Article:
-noconfig Do not load configuration
-nopi Reset the definition of .z.pi to the initial value (useful for debugging)
-debug Equivalent to [-nopi -noredirect]
-usage Print usage info and exit
-onelog Writes all messages to stdout log file, note non-trapped errors will still be written to stderr log file
-test x Use for unit testing. Pass the location of tests directory
-dataaccess path/to/csv Initialise the Dataaccess API in the process with table properties

In addition any process variable in a namespace (.*.*) can be overridden from the command line. Any value supplied on the command line will take priority over any other predefined value (.e.g. in a configuration or wrapper). Variable names should be supplied with full qualification e.g. -.servers.HOPENTIMEOUT 5000.

Using is a script that runs processes in torq with added functionality, one key enhancement is all the process configuration is now in one place. The default process file is located in $KDBCONFIG/process.csv. This script is only available on Linux. It requires environment variables to be set, similar to torq.q. A usage statement for the script can be seen by running the following in a unix environment: ./

Environment Variables

Five environment variables are required:

Environment Variable Description
KDBCONFIG The base configuration directory
KDBCODE The base code directory
KDBLOGS Where standard out/error and usage logs are written
KDBHTML Contains HTML files
KDBLIB Contains supporting library files

torq.q will check for these and exit if they are not set. If torq.q is being sourced from another script, the required environment variables can be extended by setting .proc.envvars before loading torq.q.

Process Identification

At the crux of AquaQ TorQ is how processes identify themselves. This is defined by two required variables - .proc.proctype and .proc.procname which are the type and name of the process respectively. An optional variable parentproctype allows an inital codebase and configuration to be loaded. The two required values determine the code base and configuration loaded, and how they are connected to by other processes. If both of the required variables are not defined, TorQ will attempt to use the port number a process was started on to determine the code base and configuration loaded.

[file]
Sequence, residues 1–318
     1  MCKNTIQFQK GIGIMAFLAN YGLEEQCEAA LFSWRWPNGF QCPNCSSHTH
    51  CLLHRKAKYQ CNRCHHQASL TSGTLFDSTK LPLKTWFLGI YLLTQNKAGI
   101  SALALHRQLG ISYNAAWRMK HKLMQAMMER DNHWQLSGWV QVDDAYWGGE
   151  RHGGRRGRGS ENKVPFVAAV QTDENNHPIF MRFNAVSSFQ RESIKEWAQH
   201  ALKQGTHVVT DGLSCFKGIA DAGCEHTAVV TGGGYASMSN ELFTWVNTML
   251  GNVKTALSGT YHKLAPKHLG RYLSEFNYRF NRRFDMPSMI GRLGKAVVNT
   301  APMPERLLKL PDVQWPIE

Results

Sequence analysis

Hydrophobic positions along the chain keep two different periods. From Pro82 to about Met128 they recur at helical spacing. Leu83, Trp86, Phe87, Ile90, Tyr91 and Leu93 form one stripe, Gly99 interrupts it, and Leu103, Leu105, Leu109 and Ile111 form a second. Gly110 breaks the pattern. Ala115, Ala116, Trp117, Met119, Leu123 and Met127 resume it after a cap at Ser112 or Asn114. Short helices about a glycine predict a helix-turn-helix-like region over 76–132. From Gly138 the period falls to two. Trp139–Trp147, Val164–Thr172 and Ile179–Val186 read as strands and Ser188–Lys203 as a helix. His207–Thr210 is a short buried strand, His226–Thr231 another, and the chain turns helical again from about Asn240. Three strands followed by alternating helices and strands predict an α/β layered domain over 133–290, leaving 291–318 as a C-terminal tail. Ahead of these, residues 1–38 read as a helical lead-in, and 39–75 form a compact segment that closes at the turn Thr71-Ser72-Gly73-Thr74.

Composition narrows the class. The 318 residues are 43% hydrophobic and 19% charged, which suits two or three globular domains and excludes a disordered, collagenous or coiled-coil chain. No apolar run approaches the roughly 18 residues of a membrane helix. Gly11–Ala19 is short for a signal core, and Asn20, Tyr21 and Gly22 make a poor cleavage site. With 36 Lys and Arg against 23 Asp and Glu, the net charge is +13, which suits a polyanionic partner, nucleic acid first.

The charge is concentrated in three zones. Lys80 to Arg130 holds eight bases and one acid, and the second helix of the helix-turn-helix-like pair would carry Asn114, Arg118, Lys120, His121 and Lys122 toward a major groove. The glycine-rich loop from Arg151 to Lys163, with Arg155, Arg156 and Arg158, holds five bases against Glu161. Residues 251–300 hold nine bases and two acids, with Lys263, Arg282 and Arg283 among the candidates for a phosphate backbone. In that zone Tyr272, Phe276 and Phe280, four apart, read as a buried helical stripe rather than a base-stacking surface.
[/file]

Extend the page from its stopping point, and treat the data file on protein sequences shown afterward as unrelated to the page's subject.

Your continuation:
The most important of these is the proctype. It is up to the user to define at what level to specify a process type. For example, in a production environment it would be valid to specify processes of type “hdb” (historic database) and “rdb” (real time database). It would also be valid to segregate a little more granularly based on approximate functionality, for example “hdbEMEA” and “hdbAmericas”. In this example it may be sensible to set the parentproctype as "hdb" and putting all shared code in the "hdb" configuration to be loaded first with the region-specific configuration being loaded after. The actual functionality of a process can be defined more specifically, but this will be discussed later. The procname value is used solely for identification purposes. A process can determine its type and name in a number of ways:

  1. From the process file in the default location of $KDBCONFIG/process.csv;

  2. From the process file defined using the command line parameter -procfile;

  3. From the port number it is started on, by referring to the process file for further process details;

  4. Using the command line parameters -proctype and -procname;

  5. By defining .proc.proctype and .proc.procname in a script which loads torq.q.

For options 4 and 5, both parameters must be defined using that method or neither will be used (the values will be read from the process file).